8 Reasons Your Ears Are Ringing Randomly and What to Do About It
Random ringing in your ears can be very annoying. Known as tinnitus, this exasperating condition (which can be chronic or temporary) is a common complaint. But what exactly causes ringing in the ears?
An estimated 15% of Americans, or more than 50 million people, suffer from some form of tinnitus during their lifetime, according to the Tinnitus Association of America (AT).
We spoke with Cecelia Damask, DOa board-certified otolaryngologist (ENT), to understand the reasons for ringing in the ears and the best strategies for finding relief.
Tinnitus isn’t always a ringing sound — it can also be a buzzing, hissing, hissing, rustling or rattling sound, according to the ATA.
Ironically, the loud ringing in your ears may signal that you are hard of hearing.
“Overall, most tinnitus is thought to be sensorineural, meaning it is due to hearing loss in the cochlea. [part of the inner ear] and the cochlear nerve,” says Dr. Damask.
When the hair cells in the cochlea are damaged, the auditory pathways don’t receive the signal they expect from the inner ear, says Dr. Damask.
As a result, “the brain produces abnormal nerve signals to compensate for the missing input,” she says. These abnormal nerve signals result in tinnitus that you hear ringing in your ears.
Fix it:Consult an audiologist, who can perform a hearing test to determine if hearing loss could be the cause of the ringing in your ears. According to Cleveland Clinic.
2. Exposure to loud sounds
Have you ever wondered why your ears ring randomly after a concert?
Here’s why: “Exposure to loud sound can damage the hair cells in your inner ear,” says Dr. Damask. “These hair cells ‘transmit’ random electrical impulses to your brain, which then causes tinnitus.”
According to the Cleveland Clinic.
fix it: To reduce ringing (and damage to your hearing), wear hearing protection like foam earplugs or noise canceling headphones when you’re exposed to loud noise, Dr. Damask says.
Earwax can cause a random ringing in your ear for a few seconds. According to Mayo Clinic.
“However, anything that blocks normal hearing can bring somatic sounds [like ringing in the ears] to our attention,” says Dr. Damask. “This can happen when earwax blocks the external ear canal.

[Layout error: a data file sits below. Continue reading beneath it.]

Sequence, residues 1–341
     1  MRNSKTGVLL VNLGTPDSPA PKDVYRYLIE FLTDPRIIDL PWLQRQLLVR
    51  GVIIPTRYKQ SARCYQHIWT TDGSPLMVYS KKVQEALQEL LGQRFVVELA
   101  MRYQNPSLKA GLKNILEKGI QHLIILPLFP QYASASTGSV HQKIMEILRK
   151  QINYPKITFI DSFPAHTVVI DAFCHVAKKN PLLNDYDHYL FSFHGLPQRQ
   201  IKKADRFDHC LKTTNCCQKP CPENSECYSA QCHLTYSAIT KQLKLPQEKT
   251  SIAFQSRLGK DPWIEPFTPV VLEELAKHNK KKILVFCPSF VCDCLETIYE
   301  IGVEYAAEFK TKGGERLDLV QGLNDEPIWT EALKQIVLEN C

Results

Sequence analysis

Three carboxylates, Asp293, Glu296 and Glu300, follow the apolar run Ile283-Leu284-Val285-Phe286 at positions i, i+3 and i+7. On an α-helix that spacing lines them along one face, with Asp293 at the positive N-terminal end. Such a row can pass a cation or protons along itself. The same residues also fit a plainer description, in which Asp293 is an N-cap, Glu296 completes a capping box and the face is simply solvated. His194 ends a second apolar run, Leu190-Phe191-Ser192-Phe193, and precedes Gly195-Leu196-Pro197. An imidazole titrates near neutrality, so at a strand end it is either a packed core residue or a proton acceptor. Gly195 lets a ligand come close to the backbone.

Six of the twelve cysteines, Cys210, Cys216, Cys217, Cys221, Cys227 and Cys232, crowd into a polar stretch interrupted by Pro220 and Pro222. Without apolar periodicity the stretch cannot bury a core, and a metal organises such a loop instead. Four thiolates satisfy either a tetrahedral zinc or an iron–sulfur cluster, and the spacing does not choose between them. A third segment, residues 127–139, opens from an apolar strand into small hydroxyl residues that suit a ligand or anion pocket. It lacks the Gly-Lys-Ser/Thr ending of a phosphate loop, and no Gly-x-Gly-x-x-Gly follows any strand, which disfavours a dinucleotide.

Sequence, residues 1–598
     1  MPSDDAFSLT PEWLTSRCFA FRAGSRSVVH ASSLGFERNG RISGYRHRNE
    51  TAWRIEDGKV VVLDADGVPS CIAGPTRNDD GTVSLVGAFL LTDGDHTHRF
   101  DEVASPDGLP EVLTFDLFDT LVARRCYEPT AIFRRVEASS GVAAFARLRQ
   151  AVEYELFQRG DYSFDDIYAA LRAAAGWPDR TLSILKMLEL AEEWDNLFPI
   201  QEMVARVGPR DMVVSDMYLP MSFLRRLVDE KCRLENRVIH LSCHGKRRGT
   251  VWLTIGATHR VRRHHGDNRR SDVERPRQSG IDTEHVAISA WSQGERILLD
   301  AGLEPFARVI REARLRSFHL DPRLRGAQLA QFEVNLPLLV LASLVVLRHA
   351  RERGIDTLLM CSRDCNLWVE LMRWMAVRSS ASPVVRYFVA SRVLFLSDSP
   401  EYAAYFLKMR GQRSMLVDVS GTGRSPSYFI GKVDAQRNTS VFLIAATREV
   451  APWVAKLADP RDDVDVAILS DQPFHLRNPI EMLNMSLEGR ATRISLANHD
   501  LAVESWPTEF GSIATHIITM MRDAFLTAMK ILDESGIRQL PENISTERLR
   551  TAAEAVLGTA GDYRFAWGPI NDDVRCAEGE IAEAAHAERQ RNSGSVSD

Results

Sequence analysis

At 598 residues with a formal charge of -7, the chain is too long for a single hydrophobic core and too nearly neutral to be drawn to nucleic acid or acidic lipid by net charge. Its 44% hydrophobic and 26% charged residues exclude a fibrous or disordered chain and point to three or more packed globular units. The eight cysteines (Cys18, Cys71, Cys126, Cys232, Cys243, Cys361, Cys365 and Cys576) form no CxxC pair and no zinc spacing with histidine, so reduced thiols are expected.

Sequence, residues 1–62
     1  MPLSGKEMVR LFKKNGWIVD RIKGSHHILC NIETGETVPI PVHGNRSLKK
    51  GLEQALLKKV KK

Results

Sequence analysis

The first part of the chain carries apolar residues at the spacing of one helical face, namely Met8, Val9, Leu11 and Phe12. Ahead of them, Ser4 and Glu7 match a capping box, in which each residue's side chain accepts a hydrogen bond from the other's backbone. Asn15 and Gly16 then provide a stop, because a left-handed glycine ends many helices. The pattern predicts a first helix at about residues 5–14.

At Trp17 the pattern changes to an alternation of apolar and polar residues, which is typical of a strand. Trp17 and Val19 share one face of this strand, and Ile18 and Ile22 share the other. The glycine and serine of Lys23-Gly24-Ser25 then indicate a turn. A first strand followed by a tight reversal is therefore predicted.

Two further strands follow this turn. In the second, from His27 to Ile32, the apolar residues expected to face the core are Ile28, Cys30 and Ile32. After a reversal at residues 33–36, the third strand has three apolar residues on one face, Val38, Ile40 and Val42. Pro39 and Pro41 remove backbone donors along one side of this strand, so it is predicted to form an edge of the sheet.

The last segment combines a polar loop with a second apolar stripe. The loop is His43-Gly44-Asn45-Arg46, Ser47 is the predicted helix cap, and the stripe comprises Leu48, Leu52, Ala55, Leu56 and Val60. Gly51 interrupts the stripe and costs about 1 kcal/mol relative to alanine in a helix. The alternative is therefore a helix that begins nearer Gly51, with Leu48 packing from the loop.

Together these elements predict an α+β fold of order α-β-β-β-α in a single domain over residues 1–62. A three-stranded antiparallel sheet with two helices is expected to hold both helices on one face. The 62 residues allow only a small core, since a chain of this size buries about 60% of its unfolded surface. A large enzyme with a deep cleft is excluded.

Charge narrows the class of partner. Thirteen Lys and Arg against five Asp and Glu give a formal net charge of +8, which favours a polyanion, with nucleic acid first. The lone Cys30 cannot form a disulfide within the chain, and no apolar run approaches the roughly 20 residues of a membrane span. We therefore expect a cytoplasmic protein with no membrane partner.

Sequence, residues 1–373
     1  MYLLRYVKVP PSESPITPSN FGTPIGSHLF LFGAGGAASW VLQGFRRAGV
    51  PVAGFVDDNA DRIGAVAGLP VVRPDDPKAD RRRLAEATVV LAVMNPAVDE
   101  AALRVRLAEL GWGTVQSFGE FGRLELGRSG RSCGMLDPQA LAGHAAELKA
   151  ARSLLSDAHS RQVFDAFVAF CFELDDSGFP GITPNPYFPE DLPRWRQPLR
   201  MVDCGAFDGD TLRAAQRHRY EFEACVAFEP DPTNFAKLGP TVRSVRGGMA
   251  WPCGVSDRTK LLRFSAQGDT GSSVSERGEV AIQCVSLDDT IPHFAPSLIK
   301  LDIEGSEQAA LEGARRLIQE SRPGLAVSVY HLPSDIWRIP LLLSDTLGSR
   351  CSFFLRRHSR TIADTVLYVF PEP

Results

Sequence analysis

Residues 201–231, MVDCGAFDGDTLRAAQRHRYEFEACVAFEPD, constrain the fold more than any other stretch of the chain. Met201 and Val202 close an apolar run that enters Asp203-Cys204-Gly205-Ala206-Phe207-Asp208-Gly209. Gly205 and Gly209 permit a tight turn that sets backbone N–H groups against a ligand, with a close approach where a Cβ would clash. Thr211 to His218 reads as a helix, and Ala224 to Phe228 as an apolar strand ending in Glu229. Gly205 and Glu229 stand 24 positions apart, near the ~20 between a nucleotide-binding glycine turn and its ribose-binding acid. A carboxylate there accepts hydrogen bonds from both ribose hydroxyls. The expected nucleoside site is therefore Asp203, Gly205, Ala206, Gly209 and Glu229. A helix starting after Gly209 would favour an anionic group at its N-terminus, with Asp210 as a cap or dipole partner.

Additionally, “if you have a buildup of fluid in your middle ear (otitis media), you may also have a blockage of normal hearing, which could lead to tinnitus,” says Dr. Damask.
Fix it:“Never try to extract earwax with anything like a cotton swab or paper clip, [as] you can push the wax further into your ear canal and potentially damage the lining of your ear canal or eardrum,” says Dr. Damask. “If the earwax is impacted, you will need to see an ENT to have it removed.
There are several ways to remove earwax: Your doctor may use a small, curved instrument (called a curet), gentle suction, or water to rinse it out, according to the Mayo Clinic.
Over-the-counter ear cleaning drops and baby oil can also help remove earwax safely.
“Certain medications can cause or worsen tinnitus,” says Dr. Damask. Indeed, there is quite a long list of medications that can upset your ears, including:
- Over-the-counter pain medications such as aspirin and other NSAIDs like Advil, Motrin, Aleve, and ibuprofen
- Certain antibiotics like cipro, gentamicin, vancomycin, tetracycline, and tobramycin
- High doses of loop diuretics given intravenously like Lasix, Demadex, and Bumex
- Some antidepressants like Elavil
- Certain chemotherapy drugs including cisplatin and vincristine
“In general, the higher the dose of these medications, the worse the tinnitus gets,” says Dr. Damask.
Fix it:“If you’re starting a new medication and you notice tinnitus, tell the doctor who prescribed it,” Dr. Damask says. “They may refer you to an ENT for an audiogram for further evaluation.”